Companies like Digital Pictures got it. Boss would pop his head in "need anything?" "yeah bigger monitor" 20 minutes later "where do you want it". Meals every night, anything you wanted. Anything that would take you away from programming they eliminated. And we loved that. Really great game designers, great management, wrong medium. Which I guess is a management fault. Loved working there.

 

I have played Final Legacy and it's a really fun game, a nice blending of game ideas from other games. Reminds me of Gorf a bit in that sence.

That was my style, throw a lot of different stuff in and hope something sticks. When I started at Apollo I'd never seen an Atari game and they had me play some and I noticed some of the boxes had "30 different games!" and they were just changing the background color. I thought that seems to be important and Space Cavern had some absurd number of "games". That kind of "lots of stuff" stuck with me. A crutch though.

 

BTW, if you like post-nuclear games, you should check out the Fallout games.

I checked out some videos...not for me. Doom with great graphics. It's amazing stuff, just not for me.

 

Do you still game at all these days?

I liked FreeCell and would play it 12, 15 hours at a time. FreeCell! That's not healthy. I had to block it from my browser. So Catch-22, if I liked a game I'd have to stop playing it. I go out of my way to not play games for fear of addiction. I won't play golf or try Altoids either. My addiction to programming at least pays the rent...some months. Typing in forums is another addiction I have a problem with, obviously.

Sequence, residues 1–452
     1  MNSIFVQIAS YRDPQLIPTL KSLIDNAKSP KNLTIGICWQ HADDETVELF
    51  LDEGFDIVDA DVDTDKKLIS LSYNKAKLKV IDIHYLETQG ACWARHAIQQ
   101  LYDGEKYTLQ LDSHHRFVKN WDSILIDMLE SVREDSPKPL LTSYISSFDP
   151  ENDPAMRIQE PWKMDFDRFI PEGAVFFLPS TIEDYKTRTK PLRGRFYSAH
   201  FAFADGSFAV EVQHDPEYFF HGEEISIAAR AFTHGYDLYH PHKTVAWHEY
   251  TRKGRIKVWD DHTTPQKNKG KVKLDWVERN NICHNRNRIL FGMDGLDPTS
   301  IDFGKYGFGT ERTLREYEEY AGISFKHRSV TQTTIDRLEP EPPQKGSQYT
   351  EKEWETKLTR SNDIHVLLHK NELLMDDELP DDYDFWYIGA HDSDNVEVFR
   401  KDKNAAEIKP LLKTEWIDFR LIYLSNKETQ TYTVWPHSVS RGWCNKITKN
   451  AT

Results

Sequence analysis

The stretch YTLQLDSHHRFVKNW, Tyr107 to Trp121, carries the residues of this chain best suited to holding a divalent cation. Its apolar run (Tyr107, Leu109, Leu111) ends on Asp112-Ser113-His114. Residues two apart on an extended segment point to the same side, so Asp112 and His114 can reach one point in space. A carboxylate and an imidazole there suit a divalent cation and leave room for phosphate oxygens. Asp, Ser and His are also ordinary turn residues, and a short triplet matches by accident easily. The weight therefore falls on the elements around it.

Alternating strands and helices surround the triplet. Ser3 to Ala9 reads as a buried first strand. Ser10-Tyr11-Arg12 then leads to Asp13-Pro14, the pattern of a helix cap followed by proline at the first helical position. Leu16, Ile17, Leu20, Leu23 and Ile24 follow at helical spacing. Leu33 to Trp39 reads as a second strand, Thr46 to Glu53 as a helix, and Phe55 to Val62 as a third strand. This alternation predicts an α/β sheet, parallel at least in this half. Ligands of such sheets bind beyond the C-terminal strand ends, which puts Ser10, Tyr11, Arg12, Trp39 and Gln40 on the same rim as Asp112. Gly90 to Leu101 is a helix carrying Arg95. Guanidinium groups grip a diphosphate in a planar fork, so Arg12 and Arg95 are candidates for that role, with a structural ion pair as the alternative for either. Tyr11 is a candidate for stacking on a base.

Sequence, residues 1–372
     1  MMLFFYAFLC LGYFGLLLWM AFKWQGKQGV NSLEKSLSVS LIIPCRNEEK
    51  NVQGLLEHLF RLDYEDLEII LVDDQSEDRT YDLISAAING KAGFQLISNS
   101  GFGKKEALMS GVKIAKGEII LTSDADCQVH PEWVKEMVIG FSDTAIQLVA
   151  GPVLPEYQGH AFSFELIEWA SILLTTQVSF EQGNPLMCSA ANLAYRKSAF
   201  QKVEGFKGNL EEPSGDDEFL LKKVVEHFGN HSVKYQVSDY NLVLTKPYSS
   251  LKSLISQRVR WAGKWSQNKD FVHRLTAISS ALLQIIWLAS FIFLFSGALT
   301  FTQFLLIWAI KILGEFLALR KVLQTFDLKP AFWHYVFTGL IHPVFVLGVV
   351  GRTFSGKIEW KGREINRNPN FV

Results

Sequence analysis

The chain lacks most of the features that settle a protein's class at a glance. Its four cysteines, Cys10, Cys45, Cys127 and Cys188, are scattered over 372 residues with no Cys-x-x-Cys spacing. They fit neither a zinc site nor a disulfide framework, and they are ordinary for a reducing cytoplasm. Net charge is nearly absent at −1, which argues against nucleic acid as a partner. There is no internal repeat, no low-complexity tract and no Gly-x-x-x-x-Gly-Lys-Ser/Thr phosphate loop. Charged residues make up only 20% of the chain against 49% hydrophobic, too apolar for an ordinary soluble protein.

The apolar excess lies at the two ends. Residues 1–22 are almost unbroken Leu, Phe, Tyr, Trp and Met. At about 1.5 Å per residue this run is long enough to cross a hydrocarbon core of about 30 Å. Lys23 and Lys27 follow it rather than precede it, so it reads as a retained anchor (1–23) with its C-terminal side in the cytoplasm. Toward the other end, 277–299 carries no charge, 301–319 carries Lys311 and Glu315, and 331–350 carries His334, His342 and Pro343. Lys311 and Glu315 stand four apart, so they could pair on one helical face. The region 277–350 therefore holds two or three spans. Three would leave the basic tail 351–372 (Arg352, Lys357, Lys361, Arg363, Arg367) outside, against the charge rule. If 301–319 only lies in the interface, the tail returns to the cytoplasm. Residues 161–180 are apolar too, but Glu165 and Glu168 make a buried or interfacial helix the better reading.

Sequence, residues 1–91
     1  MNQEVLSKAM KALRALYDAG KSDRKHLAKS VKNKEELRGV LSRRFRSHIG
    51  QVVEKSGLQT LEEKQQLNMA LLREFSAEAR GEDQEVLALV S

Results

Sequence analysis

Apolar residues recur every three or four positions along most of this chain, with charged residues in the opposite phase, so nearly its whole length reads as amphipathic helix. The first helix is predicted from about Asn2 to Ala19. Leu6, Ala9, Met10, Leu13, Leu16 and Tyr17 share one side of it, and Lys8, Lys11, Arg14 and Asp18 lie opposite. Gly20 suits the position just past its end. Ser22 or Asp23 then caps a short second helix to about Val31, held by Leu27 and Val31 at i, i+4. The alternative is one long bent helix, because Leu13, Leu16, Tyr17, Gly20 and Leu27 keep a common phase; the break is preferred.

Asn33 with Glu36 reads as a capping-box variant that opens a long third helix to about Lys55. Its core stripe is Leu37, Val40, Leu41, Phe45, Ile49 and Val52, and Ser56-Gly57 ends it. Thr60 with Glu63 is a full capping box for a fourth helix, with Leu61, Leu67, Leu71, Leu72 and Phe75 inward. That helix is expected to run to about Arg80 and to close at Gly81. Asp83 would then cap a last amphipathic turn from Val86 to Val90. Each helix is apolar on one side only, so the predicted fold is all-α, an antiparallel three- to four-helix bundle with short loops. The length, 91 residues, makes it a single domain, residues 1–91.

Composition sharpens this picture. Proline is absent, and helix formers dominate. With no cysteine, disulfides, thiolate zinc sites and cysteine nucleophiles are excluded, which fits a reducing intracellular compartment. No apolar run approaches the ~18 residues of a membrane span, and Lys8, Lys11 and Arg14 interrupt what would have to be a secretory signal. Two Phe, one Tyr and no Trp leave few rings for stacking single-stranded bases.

Did you have anything besides the Apple and 2600 for consoles and computers?

I don't even have my 2600 any more. Sold it like 10 years ago at a yard sale. The guy who bought it really lit up seeing the 2600, Brought back memories for him. His wife didn't seem as thrilled. I had what I thought was a high price, maybe $50, because I just as soon keep it. I probably should have told him I programmed games for it, maybe he would have paid full price. ;)

 

Got rid of all my Apples probably. I had a Woz machine, might still have that. Trying to be more of minimalist. If I kept everything I'd worked on I'd be buried.

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Dan,

 

Do you recall that in Telepathy the word “ATARI” in large, capital letters was coded as graphics in the program, but never used anywhere?